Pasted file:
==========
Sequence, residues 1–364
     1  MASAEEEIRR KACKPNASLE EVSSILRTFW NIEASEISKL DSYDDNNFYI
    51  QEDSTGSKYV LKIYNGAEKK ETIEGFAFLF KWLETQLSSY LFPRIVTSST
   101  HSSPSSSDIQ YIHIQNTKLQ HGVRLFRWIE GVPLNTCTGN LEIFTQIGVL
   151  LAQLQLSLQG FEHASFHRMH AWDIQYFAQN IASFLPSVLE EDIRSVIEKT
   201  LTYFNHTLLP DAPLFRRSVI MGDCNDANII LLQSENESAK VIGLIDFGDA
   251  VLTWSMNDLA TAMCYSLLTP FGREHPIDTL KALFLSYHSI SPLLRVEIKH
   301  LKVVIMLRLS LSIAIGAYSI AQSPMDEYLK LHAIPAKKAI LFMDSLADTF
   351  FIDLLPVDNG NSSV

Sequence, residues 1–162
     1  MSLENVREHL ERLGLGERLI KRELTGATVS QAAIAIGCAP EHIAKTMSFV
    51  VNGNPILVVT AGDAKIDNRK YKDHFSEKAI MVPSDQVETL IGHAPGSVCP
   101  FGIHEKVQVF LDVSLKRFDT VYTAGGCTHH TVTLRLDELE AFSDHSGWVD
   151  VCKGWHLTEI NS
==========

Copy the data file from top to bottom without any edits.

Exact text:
Sequence, residues 1–364
     1  MASAEEEIRR KACKPNASLE EVSSILRTFW NIEASEISKL DSYDDNNFYI
    51  QEDSTGSKYV LKIYNGAEKK ETIEGFAFLF KWLETQLSSY LFPRIVTSST
   101  HSSPSSSDIQ YIHIQNTKLQ HGVRLFRWIE GVPLNTCTGN LEIFTQIGVL
   151  LAQLQLSLQG FEHASFHRMH AWDIQYFAQN IASFLPSVLE EDIRSVIEKT
   201  LTYFNHTLLP DAPLFRRSVI MGDCNDANII LLQSENESAK VIGLIDFGDA
   251  VLTWSMNDLA TAMCYSLLTP FGREHPIDTL KALFLSYHSI SPLLRVEIKH
   301  LKVVIMLRLS LSIAIGAYSI AQSPMDEYLK LHAIPAKKAI LFMDSLADTF
   351  FIDLLPVDNG NSSV

Sequence, residues 1–162
     1  MSLENVREHL ERLGLGERLI KRELTGATVS QAAIAIGCAP EHIAKTMSFV
    51  VNGNPILVVT AGDAKIDNRK YKDHFSEKAI MVPSDQVETL IGHAPGSVCP
   101  FGIHEKVQVF LDVSLKRFDT VYTAGGCTHH TVTLRLDELE AFSDHSGWVD
   151  VCKGWHLTEI NS